Beyond excellent food, the Ryokan is really known for it's baths.  There are now three baths and by most standards they are award winning.  The main bath is dived into a number of cells and you wash off just outside of the bath area.  There are no taps, shower heads or modern shampoos.  Of course for people look for a bit more modern convenience, there is another modern style bath (with the expected fixtures).  Finally, there is also a womens bath.  The main bath is mixed genders most of the day but it is women only from 8pm to 10pm.



View To Bath BuildingsCleaning TubsLooking Back Towards Change Rooms

Standing In Front Of Chojukan
We stayed at Chojukan for two nights and used it as our base of operations.  The plan for the day between the two nights was to do a guided snowshoeing trip in the mountains.  Amazingly we got rained out.  The tour company didn't have a rain cancellation policy because in all of their years of operating, they had never seen rain in February.  It was an unseasonably warm year.  Not to be stopped, we decided to visit another hot springs town!


Kusatsu Onsen

Kusatsu Onsen is a strange town in Japan - one of the few towns without a train station anywhere nearby.  We drove about an hour and half to get here, the last half an hour up to the top of a mountain.  Kusatsu Onsen is definitly an Onsen town - the middle of town is dominated by a natural hot spring feature spilling hot water onto the rocks.

Hot Spring Source In KusatsuHot Spring Waterfall

Hand And Foot SpaHot Water Filling Hand Bath
There are a few private (indoor) hot spring baths here and lots of small shops for tourists to lighten their wallets.  On the side of the hot spring grounds is a hand and foot spa.  Hot water first pours into an upper pool (hand bath) and then a lower pool (foot bath).  Given that it is pretty cold up here, it was nice to get a bit of a soak in before the rest of touring.

Helen And I In Foot Spa

The town has a hot springs park in the middle with a large public outdoor bath in a park setting.  This is a large bath (easily a hundred bathers are supported) and sitting in the hot water with the cold wind on your face and the sun lower over the trees, you really get a good relaxing soak.  Watching the steam rise over the hot water, I really wanted a camera, but of course that isn't appropriate for such a bath.  Funny enough, the outside walls of the bath aren't quite high enough so while you sit in the bath, you watch tourists explore the paths on the neighboring hill.  After my soak I went out a took a picture in.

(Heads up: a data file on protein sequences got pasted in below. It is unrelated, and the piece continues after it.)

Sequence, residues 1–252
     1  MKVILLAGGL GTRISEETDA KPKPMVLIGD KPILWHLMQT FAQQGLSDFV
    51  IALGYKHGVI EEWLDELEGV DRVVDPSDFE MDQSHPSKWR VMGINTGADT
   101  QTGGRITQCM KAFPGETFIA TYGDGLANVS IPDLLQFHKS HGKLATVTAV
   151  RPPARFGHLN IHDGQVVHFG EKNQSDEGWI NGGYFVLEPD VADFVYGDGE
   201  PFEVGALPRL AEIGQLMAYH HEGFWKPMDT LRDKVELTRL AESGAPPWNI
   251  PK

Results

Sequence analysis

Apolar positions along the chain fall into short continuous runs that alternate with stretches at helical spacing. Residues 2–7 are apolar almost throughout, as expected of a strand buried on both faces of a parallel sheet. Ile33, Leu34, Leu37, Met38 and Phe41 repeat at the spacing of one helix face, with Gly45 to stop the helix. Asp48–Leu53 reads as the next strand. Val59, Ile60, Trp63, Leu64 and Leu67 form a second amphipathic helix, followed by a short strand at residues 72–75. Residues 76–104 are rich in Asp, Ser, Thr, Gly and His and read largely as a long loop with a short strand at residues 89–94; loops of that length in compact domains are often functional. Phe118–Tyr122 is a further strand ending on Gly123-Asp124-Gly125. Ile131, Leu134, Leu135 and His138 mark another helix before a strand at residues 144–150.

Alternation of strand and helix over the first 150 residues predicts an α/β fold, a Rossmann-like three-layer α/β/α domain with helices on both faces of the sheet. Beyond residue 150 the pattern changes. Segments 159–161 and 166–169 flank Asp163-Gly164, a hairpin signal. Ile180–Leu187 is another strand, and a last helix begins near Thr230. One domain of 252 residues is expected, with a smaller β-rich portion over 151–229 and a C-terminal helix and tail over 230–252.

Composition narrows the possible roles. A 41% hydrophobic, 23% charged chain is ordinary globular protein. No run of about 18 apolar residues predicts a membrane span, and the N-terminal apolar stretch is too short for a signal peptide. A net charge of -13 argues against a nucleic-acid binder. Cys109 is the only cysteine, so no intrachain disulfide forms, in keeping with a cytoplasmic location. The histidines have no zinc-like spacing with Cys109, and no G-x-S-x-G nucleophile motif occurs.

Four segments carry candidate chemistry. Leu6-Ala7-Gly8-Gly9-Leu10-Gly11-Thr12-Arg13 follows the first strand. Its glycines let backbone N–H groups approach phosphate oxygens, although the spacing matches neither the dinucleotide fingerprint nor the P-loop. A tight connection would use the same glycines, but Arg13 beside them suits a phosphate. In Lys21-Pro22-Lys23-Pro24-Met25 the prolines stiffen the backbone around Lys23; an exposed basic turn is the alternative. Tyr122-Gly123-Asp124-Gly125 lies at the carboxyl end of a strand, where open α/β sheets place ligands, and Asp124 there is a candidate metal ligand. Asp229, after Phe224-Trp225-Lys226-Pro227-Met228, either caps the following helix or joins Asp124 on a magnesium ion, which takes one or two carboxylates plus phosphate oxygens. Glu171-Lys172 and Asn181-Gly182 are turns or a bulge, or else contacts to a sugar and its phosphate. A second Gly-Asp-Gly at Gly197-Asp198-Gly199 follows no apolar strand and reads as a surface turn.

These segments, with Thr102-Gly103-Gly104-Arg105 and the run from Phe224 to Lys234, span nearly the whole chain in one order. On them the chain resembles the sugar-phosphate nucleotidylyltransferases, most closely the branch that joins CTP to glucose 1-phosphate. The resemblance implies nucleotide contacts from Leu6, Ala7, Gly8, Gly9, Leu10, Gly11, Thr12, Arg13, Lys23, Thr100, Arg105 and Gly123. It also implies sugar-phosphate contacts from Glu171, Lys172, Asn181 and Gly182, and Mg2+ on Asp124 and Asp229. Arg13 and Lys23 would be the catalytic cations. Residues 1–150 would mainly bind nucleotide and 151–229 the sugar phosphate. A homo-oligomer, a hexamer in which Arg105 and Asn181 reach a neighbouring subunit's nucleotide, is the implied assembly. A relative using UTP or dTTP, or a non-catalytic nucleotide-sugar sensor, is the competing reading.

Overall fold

Kusatsu Outdoor Bath

Kusatsu Onsen was along our route into Nagano Prefecture - our next destination.



Helen And I In Foot Spa
Person: Helen, John
Shallow Pool
Tags: hot spring, Japan, reflection
Helen And IIn Bath
Rotemburo On Our Deck
Altitude: 651m (2135 feet)
Location: Go To...
Pool Across The River
Tags: Japan, onsen, river
Baby Tempura
Tags: baby, food porn, Japan, produce
Love That Kotatsu
Person: Helen
Tags: Japan, place to stay
Kaiseki Meal Served
Person: Helen, John
Cleaning Tubs
Tags: bathing, hot spring, Japan
Mark And Helen In First Pool
Hand And Foot Spa
Takaragawa Onsen
Altitude: 666m (2185 feet)
Location: Go To...
Outdoor Bath
Hot Spring Waterfall
Japanese Tourist Trap
Altitude: 837m (2746 feet)
Location: Go To...
Tags: Japan, panorama, vending machine
Standing In Front Of Chojukan
Person: Helen, John, Mark
Futons Layed Out
Tags: Japan, place to stay
Oigami Room
Sashimi Plate
Tags: food porn, Japan, sashimi
Kusatsu Outdoor Bath
Hot Water Filling Hand Bath
Looking Back Towards Change Rooms
Tags: architectural decoration, hot spring, Japan
Main Bath At Chojukan
Tags: hot spring, Japan
Egg And Spinach In Basket
Heated Coffee From AMachine
Person: Helen
Main Pool At Takaragawa Onsen
Tags: hot spring, Japan
Different Flavors
Tags: food porn, Japan
View To Bath Buildings
Tags: fog, hot spring, Japan
Hot Spring Source In Kusatsu
Altitude: 1154m (3786 feet)
Location: Go To...
Tags: Japan(13), hot spring(6), food porn(3), place to stay(2), vending machine(1), panorama(1)
People: Helen(5), John(3), Mark(1)
From: John Harvey Photo > Trips out of the Country > A Fourth Trip to Japan > Gunma
From: John Harvey Photo > A Fourth Trip to Japan > Gunma

Merci pour ces photos et ces conseils, sur un beau site japonais!
philippe
Sunday, August 31st, 2014 at 05:01:40

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Last Modified Tuesday, June 9th, 2009 at 01:38:22 Edit